The word "only"

With the Kalamas of Kesamutta
In the Russian translation (translator SV), the word “только” (“only”) suddenly appeared from somewhere in “только на основании” (“only on the basis”) , although in three other translations into English + German (I assume in other languages too) there is no this word.


This one word radically changes the meaning of the Buddha’s words. Because of this word, one can understand the words of the Buddha that one must rely not only on the following, but + also on one’s own personal experience. Without the word “only” (as in the other translations listed), the Buddha advises in principle not to rely on all of the following.

As there is certainly no “only” in the Pali, presumably the translator thinks there’s an implied “only” in the text that needs to be made explicit in Russian. But do you happen to know why s/he thinks so?

Hopefully it won’t cause as much tumult as Martin Luther’s notorious insertion of an “only” into his German translation of Romans 3.28.


Personally, I think the Pali is ambiguous where it says Yadā tumhe, kālāmā, attanāva jāneyyātha ‘When you, Kalāmas, truly know for yourself’. attavāva is attanā + eva and the CPD states that eva is a particle of emphasis, affirmation and restriction. Most translators don’t translate it, although Prof. Richard Gombrich claims that eva should always be translated. I translated it as ‘truly’ in the sense of emphasis and affirmation. However, it could also be translated in the sense of restriction as ‘only’, e.g. ‘Only when you know for yourself’ and this may be what the Russian translation is getting at. This would indeed provide a different nuance.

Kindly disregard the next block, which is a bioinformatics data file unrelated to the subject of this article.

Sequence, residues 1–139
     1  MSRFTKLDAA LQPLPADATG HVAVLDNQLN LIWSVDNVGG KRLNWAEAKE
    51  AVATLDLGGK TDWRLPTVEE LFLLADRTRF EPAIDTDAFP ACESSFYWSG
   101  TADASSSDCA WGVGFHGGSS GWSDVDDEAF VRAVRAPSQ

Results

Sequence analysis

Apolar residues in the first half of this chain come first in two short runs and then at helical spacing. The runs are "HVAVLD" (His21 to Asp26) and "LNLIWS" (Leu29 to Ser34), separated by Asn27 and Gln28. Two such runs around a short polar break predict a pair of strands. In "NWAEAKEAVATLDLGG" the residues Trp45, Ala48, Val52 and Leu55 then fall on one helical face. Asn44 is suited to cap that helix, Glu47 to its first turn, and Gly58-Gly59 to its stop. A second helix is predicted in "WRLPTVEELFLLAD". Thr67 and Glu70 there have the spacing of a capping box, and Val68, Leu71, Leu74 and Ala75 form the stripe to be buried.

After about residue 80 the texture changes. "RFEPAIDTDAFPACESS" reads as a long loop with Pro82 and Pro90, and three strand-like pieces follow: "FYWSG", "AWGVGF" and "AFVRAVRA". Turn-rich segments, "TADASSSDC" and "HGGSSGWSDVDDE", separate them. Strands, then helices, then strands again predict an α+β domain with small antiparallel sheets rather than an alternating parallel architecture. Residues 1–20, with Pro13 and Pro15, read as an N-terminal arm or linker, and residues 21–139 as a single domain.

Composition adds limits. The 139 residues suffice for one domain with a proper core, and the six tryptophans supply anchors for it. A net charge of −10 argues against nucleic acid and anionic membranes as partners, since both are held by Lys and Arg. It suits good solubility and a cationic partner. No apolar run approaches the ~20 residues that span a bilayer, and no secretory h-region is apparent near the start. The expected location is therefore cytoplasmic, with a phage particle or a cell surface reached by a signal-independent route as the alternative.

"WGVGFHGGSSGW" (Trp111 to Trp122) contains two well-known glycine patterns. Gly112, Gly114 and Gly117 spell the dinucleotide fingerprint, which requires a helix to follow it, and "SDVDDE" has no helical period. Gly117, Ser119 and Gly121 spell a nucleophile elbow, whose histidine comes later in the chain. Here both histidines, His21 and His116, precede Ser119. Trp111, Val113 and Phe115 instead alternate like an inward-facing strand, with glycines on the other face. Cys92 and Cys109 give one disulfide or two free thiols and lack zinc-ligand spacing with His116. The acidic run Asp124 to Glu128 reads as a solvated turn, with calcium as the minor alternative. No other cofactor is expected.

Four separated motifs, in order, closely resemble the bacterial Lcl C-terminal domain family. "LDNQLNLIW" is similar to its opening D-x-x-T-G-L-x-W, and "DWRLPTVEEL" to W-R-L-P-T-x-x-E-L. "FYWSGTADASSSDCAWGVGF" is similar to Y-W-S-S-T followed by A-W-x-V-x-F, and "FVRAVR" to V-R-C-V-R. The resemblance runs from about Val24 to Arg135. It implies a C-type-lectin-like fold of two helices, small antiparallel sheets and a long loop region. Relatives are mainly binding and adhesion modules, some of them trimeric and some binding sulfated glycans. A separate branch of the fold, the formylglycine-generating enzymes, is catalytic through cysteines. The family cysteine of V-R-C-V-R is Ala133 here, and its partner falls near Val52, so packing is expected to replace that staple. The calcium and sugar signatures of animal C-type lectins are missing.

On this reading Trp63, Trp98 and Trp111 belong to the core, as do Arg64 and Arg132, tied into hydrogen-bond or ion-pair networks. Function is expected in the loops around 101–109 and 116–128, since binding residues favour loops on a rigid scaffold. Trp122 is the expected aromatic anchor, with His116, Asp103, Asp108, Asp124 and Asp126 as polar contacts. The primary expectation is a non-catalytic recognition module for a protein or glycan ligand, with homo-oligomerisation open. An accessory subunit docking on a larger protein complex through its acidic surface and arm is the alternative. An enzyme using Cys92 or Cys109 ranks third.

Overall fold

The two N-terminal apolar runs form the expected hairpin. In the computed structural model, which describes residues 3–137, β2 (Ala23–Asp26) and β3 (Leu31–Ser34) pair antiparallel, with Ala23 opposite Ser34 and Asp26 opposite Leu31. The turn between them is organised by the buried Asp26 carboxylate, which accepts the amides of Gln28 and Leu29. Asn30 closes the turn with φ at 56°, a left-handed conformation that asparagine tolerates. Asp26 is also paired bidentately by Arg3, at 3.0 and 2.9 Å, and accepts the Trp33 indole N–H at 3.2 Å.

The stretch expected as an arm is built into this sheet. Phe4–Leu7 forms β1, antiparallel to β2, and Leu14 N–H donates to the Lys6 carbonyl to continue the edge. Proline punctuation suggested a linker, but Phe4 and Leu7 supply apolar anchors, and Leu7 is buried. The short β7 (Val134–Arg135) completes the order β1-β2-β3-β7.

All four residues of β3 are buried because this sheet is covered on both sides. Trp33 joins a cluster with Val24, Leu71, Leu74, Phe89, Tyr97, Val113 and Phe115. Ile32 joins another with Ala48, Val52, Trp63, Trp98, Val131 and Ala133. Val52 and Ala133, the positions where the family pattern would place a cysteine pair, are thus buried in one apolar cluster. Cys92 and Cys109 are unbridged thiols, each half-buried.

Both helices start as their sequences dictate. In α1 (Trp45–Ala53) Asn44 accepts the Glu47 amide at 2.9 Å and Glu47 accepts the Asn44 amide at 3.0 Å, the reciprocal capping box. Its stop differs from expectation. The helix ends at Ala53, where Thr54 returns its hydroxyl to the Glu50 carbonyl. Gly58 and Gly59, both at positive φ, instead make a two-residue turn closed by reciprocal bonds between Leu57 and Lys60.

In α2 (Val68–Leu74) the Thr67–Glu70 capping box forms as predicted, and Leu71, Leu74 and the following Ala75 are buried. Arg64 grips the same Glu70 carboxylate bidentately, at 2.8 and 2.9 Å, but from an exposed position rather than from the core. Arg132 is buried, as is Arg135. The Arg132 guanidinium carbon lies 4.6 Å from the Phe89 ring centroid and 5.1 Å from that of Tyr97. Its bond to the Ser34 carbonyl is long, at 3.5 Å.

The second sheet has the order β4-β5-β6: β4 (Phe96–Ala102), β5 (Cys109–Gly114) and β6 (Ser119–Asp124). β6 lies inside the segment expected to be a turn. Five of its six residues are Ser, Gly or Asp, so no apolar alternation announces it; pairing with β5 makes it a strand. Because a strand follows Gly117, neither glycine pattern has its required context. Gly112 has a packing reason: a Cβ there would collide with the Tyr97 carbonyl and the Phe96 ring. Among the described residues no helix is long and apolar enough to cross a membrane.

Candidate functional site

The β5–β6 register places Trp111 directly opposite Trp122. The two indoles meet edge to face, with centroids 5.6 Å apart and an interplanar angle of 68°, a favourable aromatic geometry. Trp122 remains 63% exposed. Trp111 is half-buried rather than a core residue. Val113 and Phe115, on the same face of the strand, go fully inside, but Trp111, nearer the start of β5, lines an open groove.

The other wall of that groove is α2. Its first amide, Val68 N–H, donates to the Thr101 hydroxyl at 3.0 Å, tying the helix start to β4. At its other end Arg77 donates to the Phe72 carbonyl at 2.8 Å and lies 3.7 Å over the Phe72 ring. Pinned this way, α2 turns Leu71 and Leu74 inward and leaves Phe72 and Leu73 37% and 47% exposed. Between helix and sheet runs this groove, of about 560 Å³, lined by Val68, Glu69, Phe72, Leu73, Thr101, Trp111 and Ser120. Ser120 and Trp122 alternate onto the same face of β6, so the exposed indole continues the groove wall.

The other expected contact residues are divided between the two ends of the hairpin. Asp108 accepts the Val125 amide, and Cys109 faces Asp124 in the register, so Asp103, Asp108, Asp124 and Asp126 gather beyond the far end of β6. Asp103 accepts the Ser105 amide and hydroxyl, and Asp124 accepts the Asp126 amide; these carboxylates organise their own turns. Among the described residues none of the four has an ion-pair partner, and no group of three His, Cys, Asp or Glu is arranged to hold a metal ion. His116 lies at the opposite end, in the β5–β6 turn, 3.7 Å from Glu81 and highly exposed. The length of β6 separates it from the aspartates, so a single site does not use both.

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The translator doesn’t use только in his translation of that part of the sutta, but in an earlier part where there isn’t any eva:

Etha tumhe, kālāmā, mā anussavena.

Ну же, Каламы, не принимайте чего-либо только на основании устной традиции.

Come, Kalamas, don’t accept anything based on oral tradition alone.

Thank you, Bhante. Now I see that your reference to Martin Luther is particularly apposite.

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